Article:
INDUSTRY PROFESSIONAL

High Quality Integration

Whether you are walking through U.S. customs at an airport or the lobby at a critical facility like a data center, a visitor checkpoint to verify your identity is standard. In fact, visitor management is an essential facet of the overall security solution, keeping employees, guests and assets safe from threats.

While there are several choices for visitor management platforms, biometric technologies have taken off over the last few years, most specifically facial recognition which is expected to be a $7 billion market by 2024. When compared to fingerprint or retina scanners, facial recognition is considered a less intrusive and more reliable way of tracking foot traffic for facilities for visitor management.

Face detection allows enterprises to adopt a more seamless and secure approach to visitor management, when compared to solutions that solely rely on access cards and codes—which are more easily manipulated. Whether an end user’s goal is to recognize, identify, or verify a person, visitor management solutions—such as those that use video surveillance systems equipped with facial recognition software and integrate with access control—can streamline visitor entry and allow enterprises to create a “virtual perimeter.”

However, in order for these solutions to be effective, the underlying video surveillance system must be set up to capture video optimally. And if your surveillance deployment isn’t paired with high-quality illumination, it will be difficult to guarantee actionable analytics results.

OPTIMIZING PERFORMANCE

Put simply, facial recognition video systems work by making use of security cameras to scan images, using algorithms to map faces and detect the features that make them unique. The system then translates this information into hundreds of data points, representing the geometry of one’s face.

These digital “face prints” are then used as reference points when employees or visitors arrive at a facility, comparing those who enter against a vast library. If the person matches the record of an approved employee or visitor, they will be granted access to the facility. Similarly, organizations can also use facial recognition to blacklist individuals, barring them entrance or keeping track of their presence and movements. However, the insights derived from facial recognition analytics are only as good as the images the system analyzes. Without clear, high-definition video, these solutions can often fall flat.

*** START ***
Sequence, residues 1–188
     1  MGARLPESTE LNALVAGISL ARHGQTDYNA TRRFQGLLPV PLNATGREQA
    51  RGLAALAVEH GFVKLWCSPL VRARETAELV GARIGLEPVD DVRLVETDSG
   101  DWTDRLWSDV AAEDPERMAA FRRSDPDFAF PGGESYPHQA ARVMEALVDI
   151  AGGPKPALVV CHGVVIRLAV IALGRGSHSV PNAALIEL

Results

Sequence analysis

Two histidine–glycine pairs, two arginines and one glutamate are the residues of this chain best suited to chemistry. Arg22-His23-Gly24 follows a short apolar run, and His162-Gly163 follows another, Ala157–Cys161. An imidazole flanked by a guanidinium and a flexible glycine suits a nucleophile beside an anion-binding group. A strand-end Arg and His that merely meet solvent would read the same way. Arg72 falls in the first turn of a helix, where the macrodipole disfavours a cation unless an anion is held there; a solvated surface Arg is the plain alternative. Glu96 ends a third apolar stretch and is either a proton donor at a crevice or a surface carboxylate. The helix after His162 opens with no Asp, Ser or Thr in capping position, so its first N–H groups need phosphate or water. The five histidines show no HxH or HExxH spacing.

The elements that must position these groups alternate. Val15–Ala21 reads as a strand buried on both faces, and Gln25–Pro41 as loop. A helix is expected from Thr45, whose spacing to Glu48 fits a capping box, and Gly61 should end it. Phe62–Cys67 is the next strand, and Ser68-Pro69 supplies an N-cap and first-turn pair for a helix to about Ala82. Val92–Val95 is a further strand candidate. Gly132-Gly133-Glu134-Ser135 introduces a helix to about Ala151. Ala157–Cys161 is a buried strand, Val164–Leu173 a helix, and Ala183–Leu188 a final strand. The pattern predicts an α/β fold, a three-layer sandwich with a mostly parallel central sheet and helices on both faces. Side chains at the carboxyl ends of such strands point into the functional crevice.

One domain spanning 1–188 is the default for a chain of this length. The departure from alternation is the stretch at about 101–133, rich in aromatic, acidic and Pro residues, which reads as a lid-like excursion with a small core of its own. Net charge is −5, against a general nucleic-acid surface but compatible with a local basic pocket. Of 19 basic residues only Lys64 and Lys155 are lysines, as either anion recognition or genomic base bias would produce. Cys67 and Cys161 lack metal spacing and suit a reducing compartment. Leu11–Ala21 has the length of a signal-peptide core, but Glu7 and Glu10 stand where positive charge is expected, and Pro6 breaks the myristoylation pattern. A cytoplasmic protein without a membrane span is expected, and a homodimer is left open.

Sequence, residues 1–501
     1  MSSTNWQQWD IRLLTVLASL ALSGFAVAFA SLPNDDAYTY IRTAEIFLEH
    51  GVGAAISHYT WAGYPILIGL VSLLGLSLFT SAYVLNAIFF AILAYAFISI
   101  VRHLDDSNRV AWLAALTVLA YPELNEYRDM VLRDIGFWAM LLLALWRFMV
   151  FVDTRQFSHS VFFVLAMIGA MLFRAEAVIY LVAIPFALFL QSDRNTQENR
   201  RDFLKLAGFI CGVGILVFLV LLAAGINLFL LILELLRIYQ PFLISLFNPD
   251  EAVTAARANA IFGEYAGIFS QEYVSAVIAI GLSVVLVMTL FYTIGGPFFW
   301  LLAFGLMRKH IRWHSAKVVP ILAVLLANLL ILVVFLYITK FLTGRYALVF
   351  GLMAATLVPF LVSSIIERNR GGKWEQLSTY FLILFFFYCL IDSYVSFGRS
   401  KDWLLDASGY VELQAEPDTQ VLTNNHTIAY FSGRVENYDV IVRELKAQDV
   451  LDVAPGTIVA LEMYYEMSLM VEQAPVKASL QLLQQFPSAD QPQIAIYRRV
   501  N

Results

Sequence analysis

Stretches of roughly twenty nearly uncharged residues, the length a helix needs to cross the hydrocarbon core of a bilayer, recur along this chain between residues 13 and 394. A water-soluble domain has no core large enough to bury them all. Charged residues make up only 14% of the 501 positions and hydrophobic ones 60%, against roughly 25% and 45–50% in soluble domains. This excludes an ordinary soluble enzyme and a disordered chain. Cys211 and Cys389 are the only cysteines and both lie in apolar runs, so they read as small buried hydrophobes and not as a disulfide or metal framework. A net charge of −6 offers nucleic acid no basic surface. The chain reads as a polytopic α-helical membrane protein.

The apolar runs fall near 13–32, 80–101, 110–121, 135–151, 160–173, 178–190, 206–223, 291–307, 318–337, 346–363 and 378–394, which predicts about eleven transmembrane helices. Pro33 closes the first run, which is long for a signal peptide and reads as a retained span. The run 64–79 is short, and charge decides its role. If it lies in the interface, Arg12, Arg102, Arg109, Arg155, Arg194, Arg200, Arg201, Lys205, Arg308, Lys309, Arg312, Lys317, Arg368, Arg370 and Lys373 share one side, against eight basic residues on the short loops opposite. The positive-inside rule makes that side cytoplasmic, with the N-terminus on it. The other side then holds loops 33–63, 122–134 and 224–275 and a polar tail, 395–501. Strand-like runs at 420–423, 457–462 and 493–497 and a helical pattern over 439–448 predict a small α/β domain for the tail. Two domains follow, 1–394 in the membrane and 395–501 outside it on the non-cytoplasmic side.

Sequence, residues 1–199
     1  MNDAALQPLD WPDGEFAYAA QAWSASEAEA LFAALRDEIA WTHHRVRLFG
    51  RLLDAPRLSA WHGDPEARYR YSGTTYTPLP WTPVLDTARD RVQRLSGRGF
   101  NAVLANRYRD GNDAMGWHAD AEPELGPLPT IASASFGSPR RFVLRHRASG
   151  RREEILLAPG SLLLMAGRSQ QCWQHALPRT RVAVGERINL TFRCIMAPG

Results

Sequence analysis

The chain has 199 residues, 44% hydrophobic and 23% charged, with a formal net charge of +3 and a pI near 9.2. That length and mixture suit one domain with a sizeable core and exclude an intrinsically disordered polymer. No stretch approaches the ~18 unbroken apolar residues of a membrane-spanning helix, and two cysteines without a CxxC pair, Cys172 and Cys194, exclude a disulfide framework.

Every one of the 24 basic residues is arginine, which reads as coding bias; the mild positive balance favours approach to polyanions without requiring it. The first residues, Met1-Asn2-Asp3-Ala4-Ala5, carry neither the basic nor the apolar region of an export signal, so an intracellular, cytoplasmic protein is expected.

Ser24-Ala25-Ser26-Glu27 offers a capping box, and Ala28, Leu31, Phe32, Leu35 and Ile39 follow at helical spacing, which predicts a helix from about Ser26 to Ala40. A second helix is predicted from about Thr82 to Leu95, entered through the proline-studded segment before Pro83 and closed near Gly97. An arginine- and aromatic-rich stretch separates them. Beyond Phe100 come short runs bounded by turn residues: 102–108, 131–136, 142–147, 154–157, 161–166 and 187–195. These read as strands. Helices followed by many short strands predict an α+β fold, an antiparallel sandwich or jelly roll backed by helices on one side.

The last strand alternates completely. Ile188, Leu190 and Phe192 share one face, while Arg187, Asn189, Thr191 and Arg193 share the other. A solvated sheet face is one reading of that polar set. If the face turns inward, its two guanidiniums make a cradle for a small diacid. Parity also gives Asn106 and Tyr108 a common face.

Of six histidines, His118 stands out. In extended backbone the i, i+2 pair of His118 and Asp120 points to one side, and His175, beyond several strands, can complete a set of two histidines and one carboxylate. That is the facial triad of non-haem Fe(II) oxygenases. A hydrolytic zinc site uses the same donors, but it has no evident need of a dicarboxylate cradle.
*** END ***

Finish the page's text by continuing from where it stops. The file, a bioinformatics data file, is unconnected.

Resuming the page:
Studies, some dating back to the late 1990s, have shown time and time again that lighting plays a crucial role in the accuracy of facial recognition systems. In fact, it has been argued that changes in lighting conditions can make two images of the same person seem less similar than two images of different people, according to the National Institute of Standards and Technology in their research and findings outlined in the report, Quantifying How Lighting and Focus Affect Face Recognition Performance. Variances in brightness and direction of lighting in reference images can seriously hinder the detection capabilities and accuracy of facial recognition.

DEPLOYING A SYSTEM

For example, a large corporate campus might be deploying a video system with facial recognition software, the reference images taken of each employee or visitor will most likely be done in a well-lit space. While this yields a clear and accurate reference point, these same conditions may not always be present when the solution is in use. If the surveillance cameras are placed outdoors at points of entry around the campus, the availability, quality, and direction of the light will be everchanging. This makes it difficult to guarantee the success of the facial recognition results, thus preventing the video solution from working correctly.

One of the most common challenges for surveillance cameras is capturing usable footage in low or no light scenarios. Without consistent, adequate illumination, even IP and Internet-of-Things (IoT) cameras cannot effectively record clear enough images for facial recognition to identify entrants or possible threats.

While some cameras come conveniently equipped with builtin LEDs that encircle the lens, they often come with drawbacks. The range for visible LEDs built into a camera is around 150 feet, typically covering a 30-degree field of view (FOV) even though a standard camera FOV is often 90-degrees. This creates “hot spots” in the middle of the camera’s view and can cause a total “white-out” of the rest of the image.

BEST PRACTICES AND KEY TAKEAWAYS

There is no “one-size-fits-all” lighting option for facial recognition deployments, there are a few things end users and system integrators should keep in mind. Consider these key takeaways when deploying lighting for your visitor management system:

Angle of illumination. Consider is the angle of illumination when deploying an external lighting solution. Every camera has a unique FOV, making it important to choose a lighting option that best matches the camera’s requirements.

External versus built-in. While convenient, cameras with builtin LEDs are prone to hot spots, attract bugs, and are susceptible to heat buildup. External illuminators, however, can minimize heat accumulation and allow integrators to adjust the angle of illumination and pair any given camera lens with the perfect range/wavelength for the application.

White light versus IR. For deployments where full-color video is critical day or night, like facial recognition or other analyticsheavy applications, white light is the optimal choice.

This article originally appeared in the October 2020 issue of Security Today.

Digital Edition

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    October 2020

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